The Wailing Wall or Western Wall is in Jerusalem and is believed by many people to be the remains of one wall of a great Jewish temple or the wall surrounding the temple's courtyard. It is a stone wall that extends about 62 feet (18.9 m) above the ground. The wall is considered to be a sacred site by Jews, and thousands of people make pilgrimages there each year. It also is a source of much dispute regarding its true history as well as a source of contention among Jews and Muslims, who consider it to be part of an ancient mosque or the wall to which the seventh-century Islamic prophet Muhammad tied his winged steed during his Night Journey.
Jews and many other people consider the wall to have been part of a Jewish temple, also called the Second Temple, which stood for hundreds of years. King Herod ordered a renovation and expansion of the temple in about 19 B.C., and the work was not finished until about 50 years later. This temple was destroyed by Romans in about 70 A.D., only a few years after its completion. The Wailing Wall is widely believed to be the only part still standing.
After the temple was destroyed, many Jews began going to the wall to mourn the temple's destruction and to pray. The name Wailing Wall was ascribed to the site by non-Jews who saw the Jews mourning there. Jews actually refer to the wall as the Western Wall, or Kotel HaMaaraviin Hebrew.
Many Muslims believe that the wall has no relation to ancient Judaism. They refer to the wall as the Al-Buraq Wall, a reference to Al-Buraq, the winged steed that Muhammad is said to have ridden. Muslims believe that Muhammad tied Al-Buraq to the wall while he ascended to heaven to speak with God. Many Muslims also believe that the wall was part of the ancient Al-Aqsa Mosque, and that Jews did not begin praying at the wall until at least the 16th century, if not much later.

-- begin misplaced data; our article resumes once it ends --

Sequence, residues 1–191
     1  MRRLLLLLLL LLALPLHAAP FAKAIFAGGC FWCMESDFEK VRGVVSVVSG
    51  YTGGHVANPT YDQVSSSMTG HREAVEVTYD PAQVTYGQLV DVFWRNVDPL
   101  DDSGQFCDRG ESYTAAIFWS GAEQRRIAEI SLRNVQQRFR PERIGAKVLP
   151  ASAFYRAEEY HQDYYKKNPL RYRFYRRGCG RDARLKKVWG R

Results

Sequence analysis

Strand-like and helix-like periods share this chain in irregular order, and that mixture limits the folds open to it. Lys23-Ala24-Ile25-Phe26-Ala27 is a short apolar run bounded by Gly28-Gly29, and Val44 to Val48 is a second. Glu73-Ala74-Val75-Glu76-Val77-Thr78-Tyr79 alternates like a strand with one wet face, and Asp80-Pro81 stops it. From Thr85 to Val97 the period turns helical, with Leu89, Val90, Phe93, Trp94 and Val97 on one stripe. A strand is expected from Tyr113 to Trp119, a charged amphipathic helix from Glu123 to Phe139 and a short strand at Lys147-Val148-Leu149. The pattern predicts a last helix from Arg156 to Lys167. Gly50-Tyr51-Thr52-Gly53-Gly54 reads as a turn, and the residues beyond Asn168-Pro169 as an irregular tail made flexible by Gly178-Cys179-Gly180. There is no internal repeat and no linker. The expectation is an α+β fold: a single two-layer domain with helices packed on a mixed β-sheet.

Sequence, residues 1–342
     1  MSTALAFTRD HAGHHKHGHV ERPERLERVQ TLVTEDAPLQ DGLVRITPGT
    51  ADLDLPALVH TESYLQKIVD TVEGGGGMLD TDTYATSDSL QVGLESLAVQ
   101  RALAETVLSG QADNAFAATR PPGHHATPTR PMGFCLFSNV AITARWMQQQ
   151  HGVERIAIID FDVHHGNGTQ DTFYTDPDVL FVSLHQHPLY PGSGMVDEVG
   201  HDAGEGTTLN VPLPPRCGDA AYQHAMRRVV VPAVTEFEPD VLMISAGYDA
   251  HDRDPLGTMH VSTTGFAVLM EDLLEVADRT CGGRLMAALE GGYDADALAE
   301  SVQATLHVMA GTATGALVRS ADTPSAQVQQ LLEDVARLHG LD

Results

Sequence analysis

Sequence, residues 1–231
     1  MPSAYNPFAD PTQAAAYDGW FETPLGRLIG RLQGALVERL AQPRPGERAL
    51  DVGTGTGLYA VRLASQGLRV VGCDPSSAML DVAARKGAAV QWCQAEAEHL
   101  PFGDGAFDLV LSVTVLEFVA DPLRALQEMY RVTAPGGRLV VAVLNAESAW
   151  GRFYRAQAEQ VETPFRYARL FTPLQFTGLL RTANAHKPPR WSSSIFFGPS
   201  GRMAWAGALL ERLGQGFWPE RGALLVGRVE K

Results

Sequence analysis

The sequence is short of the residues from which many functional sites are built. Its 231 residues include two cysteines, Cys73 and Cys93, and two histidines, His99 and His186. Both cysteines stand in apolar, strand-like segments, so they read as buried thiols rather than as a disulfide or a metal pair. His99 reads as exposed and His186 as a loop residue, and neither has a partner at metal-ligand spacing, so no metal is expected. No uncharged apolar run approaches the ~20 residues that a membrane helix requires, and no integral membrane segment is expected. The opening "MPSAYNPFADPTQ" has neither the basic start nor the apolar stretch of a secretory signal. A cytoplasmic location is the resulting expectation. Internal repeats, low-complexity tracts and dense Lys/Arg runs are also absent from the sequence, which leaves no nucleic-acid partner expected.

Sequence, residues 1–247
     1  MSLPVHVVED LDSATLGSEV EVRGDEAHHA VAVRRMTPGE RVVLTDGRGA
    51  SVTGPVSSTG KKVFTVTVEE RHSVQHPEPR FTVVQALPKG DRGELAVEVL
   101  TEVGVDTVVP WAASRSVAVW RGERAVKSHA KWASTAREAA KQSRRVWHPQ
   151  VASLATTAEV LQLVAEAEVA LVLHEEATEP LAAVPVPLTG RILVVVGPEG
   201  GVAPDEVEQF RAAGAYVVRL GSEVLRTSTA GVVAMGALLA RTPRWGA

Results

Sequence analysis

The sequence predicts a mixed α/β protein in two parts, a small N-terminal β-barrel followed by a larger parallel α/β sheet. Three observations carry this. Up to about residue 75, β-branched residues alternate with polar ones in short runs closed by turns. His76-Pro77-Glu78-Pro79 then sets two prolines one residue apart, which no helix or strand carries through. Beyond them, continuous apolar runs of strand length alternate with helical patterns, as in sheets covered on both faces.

During the more than 3,500 years of its history, Jerusalem has been attacked and captured dozens of times. Control of the city — and the Wailing Wall — continued to be a point of contention in the 20th and early 21st centuries. Arab leaders controlled the wall during the first part of the 20th century, but with the establishment of Israel, Jews gained control of the wall in 1967. There is still much underlying bitterness regarding this place, however, which has contributed to the poor relationships between Arabic countries and Israel.
Although enmity has remained between Jews and Muslims, the Wailing Wall has been the site of reconciliation between Jews and Catholics. In 2000, Pope John Paul II became the first pope to pray at the wall. He also apologized for centuries of Catholic persecution of Jews, referring to them as the Catholics' "elder brothers."
Jews from all countries, and as well as tourists of other religious backgrounds, go to pray at the wall, where many people believe that one immediately has the "ear of God." People who cannot pray at the wall can send in prayers or ask for the Kaddish, a specific Jewish prayer, to be said for departed loved ones. Prayers that are sent in are placed into the cracks of the walls and are called kvitelach. There might be a small charge for this service, depending on the person or organization that is providing the service. When the small pieces of papers become too numerous — more than 1 million are placed each year — they are removed and buried.
The Wailing Wall can be visited at any time of the day. Visitors typically are thoroughly searched for security purposes. Women of any religion, out of respect for Judaic law, should wear modest clothing. There are separate entrances for men and women, although they can regroup at the Wall.
The main section of the wall, where people go to pray, is about 187 feet (57 m) long and is made of meleke limestone. Most of the stones weigh 4,000 pounds (1,814.4 kg) or more, and one enormous stone, called the Western Stone, weighs more than 1.1 million pounds (more than 500,000 kg). There are 28 stone layers above the ground and 17 underground. An underground tunnel runs along the length of the wall.